Publication Search Results

Now showing 1 - 3 of 3
  • (1998) Han, Shaowei; Zhao, Yong; Yang, C; Cheng, Chun-Chung; Zhang, Hua; Gu, Genda; Russell, Graeme; Koshizu, N
    Journal Article

  • (1998) Han, Shaowei; Zhao, Yong; Yang, C; Cheng, Chun-Chung; Zhang, Hua; Gu, Genda; Russell, Graeme; Koshizuka, N
    Journal Article
    The vortex-glass-liquid transition in Bi---Sr---Ca---Cu---O (BSCCO) intergrowth single crystals in which some CuO2 trilayers are inserted into the Bi2Sr2CaCu2O8 matrix has been studied. The curvature of the log V-logI curves for CuO2 trilayers is found to change from negative to positive with increasing magnetic field and a scaling behaviour for the vortex-glass state is observed. The magnetic field dependence of the vortex-glass transition temperature, TG, qualitatively obeys the relation H(TG) (Tc − Tg)2v0, with v0 = 1.15 ± 0.2, which is larger than the 2/3 predicted theoretically for an isotropic 3D system. Our results reveal that the vortex-glass transition exists in a system constructed with CuO2 trilayers.

  • (2009) Quinnell, Rosanne; Russell, Carol; Thompson, Rachel; Nancy, Marshall; Cowley, Jill
    Conference Paper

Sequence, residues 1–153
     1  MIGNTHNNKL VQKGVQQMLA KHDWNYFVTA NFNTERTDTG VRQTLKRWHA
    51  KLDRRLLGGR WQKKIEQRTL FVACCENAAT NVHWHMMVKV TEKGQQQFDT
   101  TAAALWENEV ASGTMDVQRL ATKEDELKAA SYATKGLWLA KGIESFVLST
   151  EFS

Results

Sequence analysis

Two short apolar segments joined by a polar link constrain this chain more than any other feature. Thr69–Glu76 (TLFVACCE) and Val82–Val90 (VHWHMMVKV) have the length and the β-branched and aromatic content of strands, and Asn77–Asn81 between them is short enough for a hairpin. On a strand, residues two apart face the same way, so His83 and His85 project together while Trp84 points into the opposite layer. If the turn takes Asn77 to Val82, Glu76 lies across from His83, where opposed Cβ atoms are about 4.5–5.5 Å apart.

A raft of models and definitions of SoTL exist and the best appear to transcend disciplinary contexts, and are sufficiently robust for academics to measure scholarly practices. Critical engagement with the scholarly literature is necessary for academics to gain a realistic view of where their work practices are situated within the scholarly domain. Because academic staff are disciplinary experts they are best placed to comment on whether the models of scholarship describe the scholarship of learning and teaching within the context of their own disciplines as well as within the confines of the Australian higher education sector. This paper pushes the existing debates on reconciling what evidence of scholarship in the disciplines actually is and what is considered valid, and in doing so uncovers why the process of reconciliation, between current practice and supporting evidence, remains elusive. Higher education academics need to identify and reconcile tacit disciplinary knowledge with their SoTL approach in order to unpack the complexity and value of their practices. Enabling academic staff to annotate their activities, roles and accomplishments and then map these items onto the various models of scholarship will enrich the status of scholarship of teaching and learning within the higher education sector.